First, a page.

Meaning of BELT in English
/ belt; NAmE / noun , verb
a long narrow piece of leather, cloth, etc. that you wear around the waist :
to do up / fasten / tighten a belt
a belt buckle
—see also black belt , lifebelt , seat belt , suspender belt
a continuous band of material that moves round and is used to carry things along or to drive machinery
—see also conveyor belt , fan belt
an area with particular characteristics or where a particular group of people live :
the country's corn / industrial belt
We live in the commuter belt .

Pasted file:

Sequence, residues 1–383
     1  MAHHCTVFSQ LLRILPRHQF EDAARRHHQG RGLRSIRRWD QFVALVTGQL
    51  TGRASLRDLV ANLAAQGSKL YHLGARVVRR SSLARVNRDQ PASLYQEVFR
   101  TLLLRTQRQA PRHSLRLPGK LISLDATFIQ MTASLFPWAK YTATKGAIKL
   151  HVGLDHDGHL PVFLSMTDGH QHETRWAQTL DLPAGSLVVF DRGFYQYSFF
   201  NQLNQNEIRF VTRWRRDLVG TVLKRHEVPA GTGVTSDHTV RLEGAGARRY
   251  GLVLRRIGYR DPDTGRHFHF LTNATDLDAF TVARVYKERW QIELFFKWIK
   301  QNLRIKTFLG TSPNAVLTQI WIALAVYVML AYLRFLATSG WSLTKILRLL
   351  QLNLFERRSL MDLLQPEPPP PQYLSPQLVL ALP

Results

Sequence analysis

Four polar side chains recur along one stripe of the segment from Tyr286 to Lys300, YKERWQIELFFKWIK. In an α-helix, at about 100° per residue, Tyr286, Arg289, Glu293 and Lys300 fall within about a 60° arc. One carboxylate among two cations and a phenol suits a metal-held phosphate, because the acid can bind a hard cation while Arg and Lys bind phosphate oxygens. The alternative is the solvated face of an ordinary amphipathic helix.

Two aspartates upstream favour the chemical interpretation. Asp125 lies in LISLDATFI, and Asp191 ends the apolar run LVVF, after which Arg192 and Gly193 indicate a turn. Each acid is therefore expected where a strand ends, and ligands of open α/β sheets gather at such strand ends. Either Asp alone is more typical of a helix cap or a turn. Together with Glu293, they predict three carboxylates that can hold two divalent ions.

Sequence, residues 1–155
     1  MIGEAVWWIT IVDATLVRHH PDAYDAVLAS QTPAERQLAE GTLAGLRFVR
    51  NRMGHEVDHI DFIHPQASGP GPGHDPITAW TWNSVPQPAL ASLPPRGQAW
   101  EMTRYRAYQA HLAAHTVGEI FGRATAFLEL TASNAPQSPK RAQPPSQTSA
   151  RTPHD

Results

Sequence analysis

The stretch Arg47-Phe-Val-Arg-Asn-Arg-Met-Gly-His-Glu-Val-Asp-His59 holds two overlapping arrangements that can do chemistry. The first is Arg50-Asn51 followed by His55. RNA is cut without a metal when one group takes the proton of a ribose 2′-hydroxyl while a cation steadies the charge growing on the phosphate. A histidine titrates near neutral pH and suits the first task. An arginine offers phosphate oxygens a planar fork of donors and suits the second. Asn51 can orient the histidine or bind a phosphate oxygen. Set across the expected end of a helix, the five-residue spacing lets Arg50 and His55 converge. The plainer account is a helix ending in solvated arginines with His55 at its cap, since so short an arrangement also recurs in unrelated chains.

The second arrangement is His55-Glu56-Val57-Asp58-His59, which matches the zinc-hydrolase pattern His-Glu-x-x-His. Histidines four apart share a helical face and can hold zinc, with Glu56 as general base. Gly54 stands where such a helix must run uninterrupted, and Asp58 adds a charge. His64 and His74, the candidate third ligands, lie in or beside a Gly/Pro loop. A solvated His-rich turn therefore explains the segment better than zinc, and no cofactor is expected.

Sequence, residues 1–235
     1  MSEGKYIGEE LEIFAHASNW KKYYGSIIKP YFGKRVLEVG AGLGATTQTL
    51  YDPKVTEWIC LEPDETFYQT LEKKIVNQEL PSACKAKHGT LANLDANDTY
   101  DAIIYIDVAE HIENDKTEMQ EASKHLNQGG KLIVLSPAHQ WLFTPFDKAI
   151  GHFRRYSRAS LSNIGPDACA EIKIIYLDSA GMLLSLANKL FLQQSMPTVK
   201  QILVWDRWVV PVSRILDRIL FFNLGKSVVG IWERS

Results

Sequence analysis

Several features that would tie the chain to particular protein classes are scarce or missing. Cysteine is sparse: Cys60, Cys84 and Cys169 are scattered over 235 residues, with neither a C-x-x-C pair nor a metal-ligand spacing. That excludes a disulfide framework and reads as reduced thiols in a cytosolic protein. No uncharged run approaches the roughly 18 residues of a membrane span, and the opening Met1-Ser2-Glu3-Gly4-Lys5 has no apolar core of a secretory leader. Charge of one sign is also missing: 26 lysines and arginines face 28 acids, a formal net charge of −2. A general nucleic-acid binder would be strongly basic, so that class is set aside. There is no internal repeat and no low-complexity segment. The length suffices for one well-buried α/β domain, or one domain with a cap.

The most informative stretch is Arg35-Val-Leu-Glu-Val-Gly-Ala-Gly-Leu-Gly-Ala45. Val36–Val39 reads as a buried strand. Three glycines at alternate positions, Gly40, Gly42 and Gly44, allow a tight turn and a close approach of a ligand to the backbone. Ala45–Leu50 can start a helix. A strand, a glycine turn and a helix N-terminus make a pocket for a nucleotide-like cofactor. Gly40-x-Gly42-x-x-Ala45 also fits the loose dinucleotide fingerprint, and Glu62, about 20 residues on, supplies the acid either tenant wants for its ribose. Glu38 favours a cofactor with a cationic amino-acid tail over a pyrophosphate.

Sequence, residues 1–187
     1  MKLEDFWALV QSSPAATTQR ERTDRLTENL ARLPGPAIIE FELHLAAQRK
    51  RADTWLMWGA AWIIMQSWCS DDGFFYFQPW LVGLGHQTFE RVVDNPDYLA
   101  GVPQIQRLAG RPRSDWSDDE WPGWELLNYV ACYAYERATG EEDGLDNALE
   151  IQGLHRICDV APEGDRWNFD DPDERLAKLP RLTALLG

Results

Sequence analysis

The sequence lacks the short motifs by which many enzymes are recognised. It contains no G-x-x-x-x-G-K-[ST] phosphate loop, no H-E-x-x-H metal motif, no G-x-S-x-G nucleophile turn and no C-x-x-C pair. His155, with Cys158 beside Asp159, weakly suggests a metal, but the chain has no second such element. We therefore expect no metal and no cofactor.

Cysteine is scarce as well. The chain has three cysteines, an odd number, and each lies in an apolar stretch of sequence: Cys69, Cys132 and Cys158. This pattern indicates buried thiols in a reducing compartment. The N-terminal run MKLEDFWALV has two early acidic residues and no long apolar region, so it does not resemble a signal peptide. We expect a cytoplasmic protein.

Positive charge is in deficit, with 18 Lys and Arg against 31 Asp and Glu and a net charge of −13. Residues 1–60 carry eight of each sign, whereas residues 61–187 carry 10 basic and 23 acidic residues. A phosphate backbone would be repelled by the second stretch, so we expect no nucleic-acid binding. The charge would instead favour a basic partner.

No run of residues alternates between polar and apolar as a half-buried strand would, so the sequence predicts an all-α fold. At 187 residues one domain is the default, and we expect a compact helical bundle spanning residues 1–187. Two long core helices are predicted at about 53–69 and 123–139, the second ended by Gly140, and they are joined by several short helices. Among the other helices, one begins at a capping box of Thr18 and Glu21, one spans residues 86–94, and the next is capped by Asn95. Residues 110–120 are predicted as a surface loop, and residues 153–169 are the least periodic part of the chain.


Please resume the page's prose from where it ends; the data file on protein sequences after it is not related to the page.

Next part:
a belt of rain moving across the country
—see also green belt
( informal ) an act of hitting sth/sb hard :
She gave the ball a terrific belt.
- below the belt
- belt and braces
- have sth under your belt
—more at tighten
[ vn ] ( informal ) to hit sb/sth hard :
He belted the ball right out of the park.
I'll belt you if you do that again.
[ v + adv. / prep. ] ( informal , especially BrE ) to move very fast
SYN tear :
A truck came belting up behind us.
[ vn ] to fasten a belt around sth :
The dress was belted at the waist.
- belt sth out
- belt up
Old English , of Germanic origin, from Latin balteus girdle.
Oxford Advanced Learner's English Dictionary. Оксфордский английский словарь для изучающик язык на продвинутом уровне. 2005